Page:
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Microsoft Goes After Mike Rowe For Copyright Infringement

Microsoft Goes After Mike Rowe For Copyright Infringement

by , 10:00 AM EST, January 20th, 2004

If we ran something like the excellent "News of the Weird" feature, this would surely qualify: Microsoft is demanding that a young man named Mike Rowe give up his domain of MikeRoweSoft.com (say it out loud). The reason? Why Mr. Mike Rowe is guilty of copyright infringement, according to Big Redmond. From an article from CNN:

Rowe, a 17-year-old high school senior and Web designer from Victoria, has angered the software giant by registering an Internet site with the address www.MikeRoweSoft.com.

"Since my name is Mike Rowe, I thought it would be funny to add 'soft' to the end of it," said Rowe.

Microsoft, however, is not amused.

It has demanded that he give up his domain name. In November, Rowe received a letter from Microsoft's Canadian lawyers informing him he was committing copyright infringement.

There's more information in the short article at CNN.

The Mac Observer Spin:

In today's corporate-dominated environment, companies have far too much power when it comes to such things as domains. From J.K. Rowlings management coming down on kids with Harry Potter-related domains, to Miller Brewing going after the Miller family, if you have a domain that is covered by a corporate trademark, beware.

With that in mind, we wouldn't at all be surprised to see Mr. Mike Rowe lose this particular domain squabble, but we hope that's not the case.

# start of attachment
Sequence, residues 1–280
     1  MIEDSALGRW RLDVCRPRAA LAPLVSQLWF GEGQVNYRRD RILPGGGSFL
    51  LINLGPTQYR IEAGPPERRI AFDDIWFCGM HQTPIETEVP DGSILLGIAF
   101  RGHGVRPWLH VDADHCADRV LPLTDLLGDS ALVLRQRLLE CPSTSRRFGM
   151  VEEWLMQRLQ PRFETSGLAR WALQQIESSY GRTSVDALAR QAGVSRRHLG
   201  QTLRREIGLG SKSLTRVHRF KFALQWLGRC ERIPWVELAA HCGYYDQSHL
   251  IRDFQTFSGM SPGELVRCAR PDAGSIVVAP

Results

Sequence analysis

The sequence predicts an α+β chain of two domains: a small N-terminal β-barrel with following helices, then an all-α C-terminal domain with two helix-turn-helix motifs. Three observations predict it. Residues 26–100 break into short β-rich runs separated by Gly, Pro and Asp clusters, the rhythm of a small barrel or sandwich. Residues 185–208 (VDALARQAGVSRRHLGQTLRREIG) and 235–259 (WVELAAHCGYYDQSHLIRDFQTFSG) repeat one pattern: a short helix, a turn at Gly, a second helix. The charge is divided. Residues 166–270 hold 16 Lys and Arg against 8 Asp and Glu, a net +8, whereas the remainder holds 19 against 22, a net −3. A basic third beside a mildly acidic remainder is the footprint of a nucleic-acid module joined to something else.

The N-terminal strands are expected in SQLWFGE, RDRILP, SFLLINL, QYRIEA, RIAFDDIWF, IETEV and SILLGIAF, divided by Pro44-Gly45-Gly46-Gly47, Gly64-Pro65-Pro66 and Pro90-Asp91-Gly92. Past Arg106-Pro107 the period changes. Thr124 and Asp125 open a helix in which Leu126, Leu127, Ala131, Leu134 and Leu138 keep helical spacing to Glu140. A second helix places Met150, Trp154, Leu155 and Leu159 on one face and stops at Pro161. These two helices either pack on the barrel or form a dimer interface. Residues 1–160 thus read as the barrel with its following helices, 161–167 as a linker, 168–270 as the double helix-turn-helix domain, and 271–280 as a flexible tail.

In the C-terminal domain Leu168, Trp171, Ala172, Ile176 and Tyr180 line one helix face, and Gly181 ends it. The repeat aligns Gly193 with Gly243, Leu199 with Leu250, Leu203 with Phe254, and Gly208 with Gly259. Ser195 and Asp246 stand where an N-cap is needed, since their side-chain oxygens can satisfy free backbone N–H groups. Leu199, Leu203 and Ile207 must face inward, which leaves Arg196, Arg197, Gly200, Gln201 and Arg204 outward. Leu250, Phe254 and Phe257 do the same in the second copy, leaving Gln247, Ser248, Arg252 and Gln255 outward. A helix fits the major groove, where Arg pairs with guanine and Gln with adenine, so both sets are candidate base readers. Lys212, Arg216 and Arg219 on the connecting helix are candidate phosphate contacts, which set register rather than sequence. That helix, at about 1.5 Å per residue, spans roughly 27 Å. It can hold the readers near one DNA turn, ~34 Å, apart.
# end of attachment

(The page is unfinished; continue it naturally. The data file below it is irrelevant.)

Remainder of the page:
Furthermore, we think this is an idiotic move on Big Redmond's part. Aside from corporate greed and the desire to control everything possible, the supposed reason for any company to pursue these domains is that if they are allowed to go scot free, a trademark holder could possibly lose its trademark. Company's must protect their trademarks, or they can lose them.

In this case, however, can any argument be made that the use of MikeRoweSoft.com could possibly lead to Microsoft losing its trademark? Nope. This is just some of that good old fashioned corporate greed we were talking about.

It's enough to make you shake your head, and don't think we are just shaking it at Microsoft. Many companies have spent enormous resources in an effort to keep fans from promoting the company or its products. It's sheer nonsense.

That said, we've only heard Mike Rowe's side. It could be that Mikeroweso...er, Microsoft did offer to Mike a fair price for his domain and was refused in the hopes of getting more. After all, Big Redmond spends more on lawyers per hour than what poor Mike could ever reasonably hope to get from them.

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